Many of us have a builder we’ve worked with happily before, or have heard is truly excellent, so you might want to bypass the tender process. If so, still give them this information and ask for a detailed written quote.
Estimates vs quotes
Estimates and quotes are very different things:
- An estimate is only a best guess at what the job will cost and the builder isn’t bound by it – it is, however, reasonable to expect it to be within 10 to 15 percent of the final cost.
- A quote is an explicit promise based on detailed specifications and is the price you will pay – unless there are matters outside the builder’s reasonable control, or the cost of materials or labour increases (even then, only if that’s allowed in your contract) or other variations.
Other considerations around estimates and quotes:
- They should both be in writing, signed and dated.
- Be careful of provisional sums included in a quote, where the price of something is uncertain – these are often underestimated, so ask if the amount quoted will cover what you’re expecting.
- Be wary of low tender prices compared to others. If you think they’ve misunderstood the project, go back and clarify.
- Never use one quote as leverage to beat down another’s price. That’s unfair and could compromise on work quality.
- Put a premium on experience and reliability over price on its own – a more experienced builder is likely to cost more, but can pay off in the long run.
Guaranteed maximum price
A guaranteed maximum price (GMP) is where the builder guarantees a top price in the contract.
A GMP has its pros and cons:
- They work well as an incentive to the builder to finish on time and within the budget.
- You avoid the risk of uncontrolled extra costs and time.
- However, you pay a premium because the contractor will factor the risk of delays and extra costs into their price.
- Any variations you ask for will be outside the GMP, so you will pay more.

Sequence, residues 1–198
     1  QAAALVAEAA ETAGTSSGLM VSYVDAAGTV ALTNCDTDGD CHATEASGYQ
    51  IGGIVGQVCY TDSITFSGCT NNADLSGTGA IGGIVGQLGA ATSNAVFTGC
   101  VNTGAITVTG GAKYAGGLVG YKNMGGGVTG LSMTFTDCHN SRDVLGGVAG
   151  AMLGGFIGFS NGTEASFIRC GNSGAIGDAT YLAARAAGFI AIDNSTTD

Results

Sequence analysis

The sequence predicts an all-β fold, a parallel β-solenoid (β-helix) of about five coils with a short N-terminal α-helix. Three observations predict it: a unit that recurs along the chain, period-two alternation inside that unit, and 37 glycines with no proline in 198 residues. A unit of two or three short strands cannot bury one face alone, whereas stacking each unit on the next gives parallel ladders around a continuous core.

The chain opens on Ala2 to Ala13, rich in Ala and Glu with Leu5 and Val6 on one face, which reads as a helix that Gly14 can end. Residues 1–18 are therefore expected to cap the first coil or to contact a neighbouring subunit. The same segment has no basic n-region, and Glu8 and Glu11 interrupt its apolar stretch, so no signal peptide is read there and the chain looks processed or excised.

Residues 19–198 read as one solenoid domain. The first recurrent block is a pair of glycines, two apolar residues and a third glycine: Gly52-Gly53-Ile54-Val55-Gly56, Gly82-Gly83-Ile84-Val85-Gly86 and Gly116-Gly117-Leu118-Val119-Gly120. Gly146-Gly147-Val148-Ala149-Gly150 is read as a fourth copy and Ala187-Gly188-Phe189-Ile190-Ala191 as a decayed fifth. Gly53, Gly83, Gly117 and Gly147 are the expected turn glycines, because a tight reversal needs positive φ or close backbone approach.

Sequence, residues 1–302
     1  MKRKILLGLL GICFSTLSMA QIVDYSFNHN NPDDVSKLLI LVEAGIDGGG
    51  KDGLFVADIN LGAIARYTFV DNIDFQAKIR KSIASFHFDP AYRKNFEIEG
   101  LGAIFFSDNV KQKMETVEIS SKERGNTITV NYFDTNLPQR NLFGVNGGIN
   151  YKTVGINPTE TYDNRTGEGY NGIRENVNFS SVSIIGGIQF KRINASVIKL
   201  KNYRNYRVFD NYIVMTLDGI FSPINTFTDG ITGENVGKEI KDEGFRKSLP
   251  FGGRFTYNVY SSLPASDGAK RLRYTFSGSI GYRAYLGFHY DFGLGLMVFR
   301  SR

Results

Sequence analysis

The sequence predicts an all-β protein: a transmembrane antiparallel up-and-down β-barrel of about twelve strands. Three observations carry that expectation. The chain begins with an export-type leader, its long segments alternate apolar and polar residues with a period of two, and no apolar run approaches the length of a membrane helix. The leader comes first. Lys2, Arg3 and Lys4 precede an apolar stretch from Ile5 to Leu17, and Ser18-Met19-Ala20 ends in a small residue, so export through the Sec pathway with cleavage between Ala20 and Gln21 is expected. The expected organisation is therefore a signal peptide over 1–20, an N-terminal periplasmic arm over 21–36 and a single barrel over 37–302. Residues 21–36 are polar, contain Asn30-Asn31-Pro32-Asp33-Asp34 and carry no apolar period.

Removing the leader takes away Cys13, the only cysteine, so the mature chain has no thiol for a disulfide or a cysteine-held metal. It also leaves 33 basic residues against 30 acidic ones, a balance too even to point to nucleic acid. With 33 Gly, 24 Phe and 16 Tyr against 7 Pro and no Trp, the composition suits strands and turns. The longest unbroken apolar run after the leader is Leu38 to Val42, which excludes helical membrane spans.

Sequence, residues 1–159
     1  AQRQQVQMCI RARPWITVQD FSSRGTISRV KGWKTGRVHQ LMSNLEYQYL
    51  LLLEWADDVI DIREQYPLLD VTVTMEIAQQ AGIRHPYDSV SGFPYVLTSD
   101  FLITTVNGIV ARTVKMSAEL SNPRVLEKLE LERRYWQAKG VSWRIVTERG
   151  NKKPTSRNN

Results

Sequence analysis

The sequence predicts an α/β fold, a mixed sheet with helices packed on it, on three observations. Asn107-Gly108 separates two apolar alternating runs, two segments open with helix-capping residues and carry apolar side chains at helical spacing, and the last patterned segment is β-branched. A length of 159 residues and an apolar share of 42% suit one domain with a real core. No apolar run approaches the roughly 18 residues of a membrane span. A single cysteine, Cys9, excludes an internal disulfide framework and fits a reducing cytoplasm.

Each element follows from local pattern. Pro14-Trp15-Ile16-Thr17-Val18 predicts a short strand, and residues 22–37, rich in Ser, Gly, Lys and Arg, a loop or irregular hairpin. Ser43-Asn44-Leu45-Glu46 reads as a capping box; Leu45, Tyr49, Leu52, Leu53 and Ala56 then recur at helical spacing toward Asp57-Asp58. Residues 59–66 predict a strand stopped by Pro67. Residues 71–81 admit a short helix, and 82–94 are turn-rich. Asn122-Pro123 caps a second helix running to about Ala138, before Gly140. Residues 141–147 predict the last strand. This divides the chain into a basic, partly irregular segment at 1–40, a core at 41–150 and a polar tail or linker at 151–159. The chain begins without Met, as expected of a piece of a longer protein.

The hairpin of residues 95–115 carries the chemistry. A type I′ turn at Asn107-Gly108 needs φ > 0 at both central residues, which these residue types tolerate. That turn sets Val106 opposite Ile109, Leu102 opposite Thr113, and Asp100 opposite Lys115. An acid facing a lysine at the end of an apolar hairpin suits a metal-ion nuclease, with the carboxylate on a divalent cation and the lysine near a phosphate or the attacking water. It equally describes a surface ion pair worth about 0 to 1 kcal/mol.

What if the build comes in under the GMP?
Any savings during construction are generally shared between you and the builder, with the ratio specified in the contract. This gives both you and the builder an incentive to co-operate as you will both wanting to avoid overrunning the GMP.
A reality check on cost
As good as a QS’s estimate might be, in addition to your designer’s experience, it’s only when the tenders come in that you can see how much your much-desired project will cost.
Chances are you’ll have to revise your plans (yes, yet again) or increase your mortgage to match.
If that happens, go back to your designer and the QS and ask if they can point to areas that could have blown out the cost. Because the cost of building fluctuates, and getting a building project nailed down takes time, a lot of time can pass between the estimates being calculated and tenders being received.
So, see what can be scaled back or altered to suit your budget. If you’ve already lodged your application for a building consent, any major changes to the plans mean you’ll have to either put in a new application – with a new set of documents – or ask for an amendment.
Once you’ve decided which bid to accept, it’s the done thing to write to the other tenderers to tell them they were unsuccessful. Tendering is a part of their business, but it takes time and effort. Also, they may be waiting for your response before making other decisions, so let them know as soon as possible.